“Dally” birding – Part 1

New Year resolution – write more frequently! 🙂

27 Nov 2010
An impromptu decision to spend a birding weekend in Delhi (ostensibly to intersect with hubby’s holiday in the north) found me landing at Delhi airport in the wee hours of Friday night, on a flight 4 hours delayed from Bangalore. The programme for Saturday morning was set already – with a taxi hired for the day and a guide arranged to take me around Sultanpur and Basai. Armed with a goldmine of information from AMS, I crept out of Anu’s house in Gurgaon early on Saturday and was greeted at Sultanpur by Sanjay and a most promising sky. After a brief foray inside the sanctuary (where I finally managed to see a red-throated flycatcher with a red throat, and we checked on a pair of collared scops owls), Sanjay decided we should head to Sultanpur flats first to check for some of my target species – long-billed pipit, Indian courser. Both eluded us, but we did get a few greater short-toed larks, along with a flock of ashy-crowned sparrow larks; desert wheatears; bay-backed, long-tailed and rufous-tailed/Isabelline shrikes, and hoopoes as numerous as crows.

It was late morning by the time we got back inside the sanctuary, with the sun beating down and the jheel bursting with thousands of ducks, a thrilling sight for a birder from down south starved of water birds. Numerous raptors did the rounds, including juvenile and adult Steppe eagles, Indian spotted eagle, oriental honey buzzard and a lone osprey, and I watched the ducks cloud the sky, circle the lake and settle down again. A small flock of bar-headed geese circled around and flew away, while greylags floated placidly in the lake. Another futile search for long-billed pipit in the scrub around the far end of the lake, and by this time Sanjay was getting anxious to show me at least one lifer, when suddenly some black-breasted weavers in the reed bed got me excited. A rather taken-aback Sanjay concluded that a better strategy would be to look through my book and see what species I hadn’t checked off, and soon discovered that white-tailed lapwing was one of them.

We crept towards the marshy area around the lake, where white-tailed and red-wattled lapwings gave side-by-side comparisons but were wary of our presence. We also flushed a group of snipes that were impossible to ID. After spending some time watching the ducks (mostly common teals, with some shovelers, pintails, garganey and a lone wigeon), we slowly started back towards the car, adding tree pipit to the list, while I somehow convinced Sanjay that a break for lunch was necessary. The alu parathas at the Rosy Pelican lived up to their reputation, and post-lunch we started out for another location close to Sultanpur village where Sanjay was hopeful of getting coursers. Again we were disappointed, but managed to add a few species to the count, including tawny pipit.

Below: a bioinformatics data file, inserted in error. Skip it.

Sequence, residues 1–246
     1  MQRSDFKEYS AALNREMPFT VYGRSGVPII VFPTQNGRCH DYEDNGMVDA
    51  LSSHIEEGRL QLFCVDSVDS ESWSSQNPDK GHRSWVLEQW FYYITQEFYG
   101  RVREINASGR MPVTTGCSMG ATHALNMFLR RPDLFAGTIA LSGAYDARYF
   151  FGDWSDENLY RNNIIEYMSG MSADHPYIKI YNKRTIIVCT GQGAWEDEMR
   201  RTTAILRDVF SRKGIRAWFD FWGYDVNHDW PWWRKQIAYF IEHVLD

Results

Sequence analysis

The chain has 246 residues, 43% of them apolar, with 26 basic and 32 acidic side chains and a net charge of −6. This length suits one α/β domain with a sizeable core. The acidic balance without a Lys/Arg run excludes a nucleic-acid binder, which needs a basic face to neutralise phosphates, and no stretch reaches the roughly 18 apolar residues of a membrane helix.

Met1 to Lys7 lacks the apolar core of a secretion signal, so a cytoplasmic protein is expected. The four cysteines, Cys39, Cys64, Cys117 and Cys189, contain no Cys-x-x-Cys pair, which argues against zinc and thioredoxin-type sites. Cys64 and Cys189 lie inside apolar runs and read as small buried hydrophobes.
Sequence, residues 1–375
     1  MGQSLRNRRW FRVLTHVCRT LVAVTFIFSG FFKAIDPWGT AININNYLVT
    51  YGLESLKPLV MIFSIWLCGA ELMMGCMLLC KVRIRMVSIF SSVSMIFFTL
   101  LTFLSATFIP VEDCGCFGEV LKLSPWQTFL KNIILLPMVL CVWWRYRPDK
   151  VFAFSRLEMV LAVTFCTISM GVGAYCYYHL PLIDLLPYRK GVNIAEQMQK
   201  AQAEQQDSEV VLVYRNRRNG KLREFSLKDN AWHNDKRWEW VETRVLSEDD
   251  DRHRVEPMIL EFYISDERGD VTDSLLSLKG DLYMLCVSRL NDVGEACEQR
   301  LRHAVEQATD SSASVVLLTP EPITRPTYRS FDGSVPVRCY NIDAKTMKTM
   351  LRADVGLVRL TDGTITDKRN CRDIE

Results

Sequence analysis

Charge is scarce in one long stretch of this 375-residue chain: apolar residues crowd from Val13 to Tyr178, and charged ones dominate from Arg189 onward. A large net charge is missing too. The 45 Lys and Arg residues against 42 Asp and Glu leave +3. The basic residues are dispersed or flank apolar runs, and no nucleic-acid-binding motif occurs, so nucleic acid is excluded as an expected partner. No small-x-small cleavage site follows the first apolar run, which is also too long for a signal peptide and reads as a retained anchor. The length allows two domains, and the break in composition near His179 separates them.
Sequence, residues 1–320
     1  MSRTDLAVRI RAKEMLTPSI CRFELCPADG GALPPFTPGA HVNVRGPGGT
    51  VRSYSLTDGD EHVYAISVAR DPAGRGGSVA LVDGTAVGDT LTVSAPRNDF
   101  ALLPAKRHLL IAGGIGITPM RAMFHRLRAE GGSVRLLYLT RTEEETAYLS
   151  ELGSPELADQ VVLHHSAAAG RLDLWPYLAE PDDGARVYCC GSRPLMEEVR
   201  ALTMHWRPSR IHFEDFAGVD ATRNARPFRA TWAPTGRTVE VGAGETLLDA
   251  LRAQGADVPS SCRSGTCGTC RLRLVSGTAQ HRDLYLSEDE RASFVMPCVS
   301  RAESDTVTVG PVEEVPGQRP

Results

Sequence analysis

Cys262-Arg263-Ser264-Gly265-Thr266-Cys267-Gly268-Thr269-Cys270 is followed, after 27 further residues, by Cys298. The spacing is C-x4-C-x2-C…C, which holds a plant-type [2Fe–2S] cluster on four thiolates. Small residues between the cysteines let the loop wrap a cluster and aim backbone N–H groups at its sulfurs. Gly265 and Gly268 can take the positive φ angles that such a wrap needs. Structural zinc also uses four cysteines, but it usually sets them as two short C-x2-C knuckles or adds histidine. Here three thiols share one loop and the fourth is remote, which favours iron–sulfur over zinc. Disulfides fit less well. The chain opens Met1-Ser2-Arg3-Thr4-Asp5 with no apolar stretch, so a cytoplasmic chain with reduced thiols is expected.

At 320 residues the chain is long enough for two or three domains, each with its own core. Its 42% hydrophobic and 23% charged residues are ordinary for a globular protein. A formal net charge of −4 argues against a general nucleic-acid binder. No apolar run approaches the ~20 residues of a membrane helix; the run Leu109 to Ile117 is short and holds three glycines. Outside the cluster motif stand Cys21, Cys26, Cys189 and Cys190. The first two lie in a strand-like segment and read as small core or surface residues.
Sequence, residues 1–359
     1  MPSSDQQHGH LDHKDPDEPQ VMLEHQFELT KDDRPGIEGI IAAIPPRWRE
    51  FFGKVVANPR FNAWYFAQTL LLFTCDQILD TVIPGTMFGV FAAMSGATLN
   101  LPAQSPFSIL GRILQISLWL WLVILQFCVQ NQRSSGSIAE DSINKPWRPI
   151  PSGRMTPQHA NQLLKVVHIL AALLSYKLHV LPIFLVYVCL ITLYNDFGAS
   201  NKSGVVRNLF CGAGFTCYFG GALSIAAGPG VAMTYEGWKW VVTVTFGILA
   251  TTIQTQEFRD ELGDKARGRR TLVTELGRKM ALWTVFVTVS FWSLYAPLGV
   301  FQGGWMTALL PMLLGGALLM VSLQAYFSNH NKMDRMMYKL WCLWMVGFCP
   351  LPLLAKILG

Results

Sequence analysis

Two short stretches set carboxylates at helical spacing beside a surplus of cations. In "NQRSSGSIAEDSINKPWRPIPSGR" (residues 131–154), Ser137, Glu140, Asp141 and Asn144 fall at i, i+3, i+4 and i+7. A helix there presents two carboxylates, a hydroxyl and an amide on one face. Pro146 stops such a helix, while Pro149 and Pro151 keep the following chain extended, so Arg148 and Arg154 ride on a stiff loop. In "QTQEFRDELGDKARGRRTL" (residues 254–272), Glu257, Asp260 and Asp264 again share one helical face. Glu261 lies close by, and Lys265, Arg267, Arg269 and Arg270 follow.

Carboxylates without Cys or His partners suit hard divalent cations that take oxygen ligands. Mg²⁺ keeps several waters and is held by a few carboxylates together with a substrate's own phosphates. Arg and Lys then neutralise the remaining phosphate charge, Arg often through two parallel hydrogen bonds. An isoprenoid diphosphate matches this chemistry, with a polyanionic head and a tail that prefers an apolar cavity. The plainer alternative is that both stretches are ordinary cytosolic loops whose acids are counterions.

Final stop was Basai, where literally thousands of ruffs jostled for space among smaller numbers of common and green sandpipers, again a sight to behold. Another lifer for me here was common starling – maybe a hundred or so in flight! We walked to the end of the dirt path and towards the left along the canal, where Sanjay hoped to find sind sparrow. Again this eluded us, but along the way we got a pair of pied cuckoos, and in the far fields at the back, Eurasian curlews. As we made our way to get a closer look at the curlews, a family of Sarus cranes flew in, the parents with a juvenile, and this was surely a fitting close to an intensive but very enjoyable day of birding! I wonder though how long these areas would survive – given the tree felling inside Sultanpur sanctuary, and the ever expanding concretization around the Basai wetland.

More pics:


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2 Responses to “Dally” birding – Part 1

  1. birdsonthebrainetc says:

    Birding in the North is something else!! Lovely write-up and pics! Especially liked the common starling – rather funny but pretty all the same!

  2. Vaibhav says:

    Those Sarus cranes are something. Me and my buddy have been trying to get some close up shots of that family (2 adults and 1 juvenile) for weeks. We have a number of far shots, but none from close up.

    Great writeup.

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